Commentary: More than personal chemistry needed to change North Korea’s ways
It appears that North Korean leader Kim Jong Un is interested in easing North Korea’s isolation and improving the country’s economy, but bigger challenges lie ahead, says one observer.
SEOUL: The most viral image from the recent summit between South and North Korea is of two men, one clad in a dapper Western-style suit and another wearing an all-black Mao-style dictator getup, smiling as they walk hand in hand along and across the Cold War’s last frontier.
The eyes of the world were trained on the narrow strip of heavily-guarded land that separates South and North Korea on Friday (Apr 27) as President Moon Jae-in and leader Kim Jong Un got together for the first such meeting since 2007.
Their affection sent a message of rapprochement after decades of recrimination.
At the beginning of the day, Moon stood on the South Korean side of the border, smiling, extending a hand to Kim as he approached. The two exchanged greetings, then Moon invited Kim to cross over to the southern side.
In stepping across, Kim became the first-ever North Korean leader to set foot in South Korea.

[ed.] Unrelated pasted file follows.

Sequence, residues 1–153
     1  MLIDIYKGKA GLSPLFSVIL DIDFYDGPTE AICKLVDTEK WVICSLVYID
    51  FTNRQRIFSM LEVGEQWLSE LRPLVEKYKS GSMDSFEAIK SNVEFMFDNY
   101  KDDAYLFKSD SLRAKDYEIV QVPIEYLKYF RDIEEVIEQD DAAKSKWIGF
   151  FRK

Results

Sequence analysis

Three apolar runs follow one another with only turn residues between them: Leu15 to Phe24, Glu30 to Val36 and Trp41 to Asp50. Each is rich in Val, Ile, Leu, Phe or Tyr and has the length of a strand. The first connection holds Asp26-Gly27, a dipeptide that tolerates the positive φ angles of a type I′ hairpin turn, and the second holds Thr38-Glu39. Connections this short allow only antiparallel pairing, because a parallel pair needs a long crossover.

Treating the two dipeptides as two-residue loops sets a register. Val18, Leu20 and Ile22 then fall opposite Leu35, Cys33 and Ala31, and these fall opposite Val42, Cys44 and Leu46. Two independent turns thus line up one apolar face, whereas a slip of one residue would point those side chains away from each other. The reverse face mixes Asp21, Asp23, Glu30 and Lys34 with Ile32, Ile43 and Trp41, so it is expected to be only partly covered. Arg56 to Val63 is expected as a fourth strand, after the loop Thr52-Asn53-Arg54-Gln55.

MOMENT OF SPONTANEITY
This was all planned, but then the two leaders veered off script.
In a move that officials say was not part of the original schedule, Kim then invited Moon to walk with him over to the North Korean side of the line, which he did.
In the meticulously-scripted world of international diplomacy, this was a moment of real spontaneity, a rare chance to see two countries’ relationship evolving in real time as their leaders engage with each other on a human level.
In clasping hands as they walked back and forth across the border, the two leaders appeared to be telling the world that they, as Koreans, were free to move about their land as they wish, and that if they choose to cooperate, they can overcome artificial, political barriers.
The rest of the day went just as smoothly, with the two leaders holding meetings, taking an afternoon stroll, and eating dinner together with their wives.
For anyone who hasn’t spent much time in Korea, this is how things work here.
In doing business or cooperating in any significant way, it is expected that you’ll spend some time getting to know your counterpart, sharing food, making small talk and getting to know each other. Alcohol is almost always involved.
At the end of the day’s talks, the two Koreas released a statement with a set of ambitious objectives - to maintain the spirit of cooperation seen since the Pyeongchang Olympics, which North Korean set a delegation to, by holding regular meetings and cultural exchanges.
The two sides also pledged to work to ease military tensions that have plagued the peninsula for decades, opening new lines of communication in the government and military, and eventually working toward an arms reduction.
Then comes the big challenge: What to do with North Korea’s nuclear programme.
For all the smiles and photo ops, the summit won’t end up meaning much if it doesn’t do something to bring the world closer to a real solution on North Korean denuclearisation.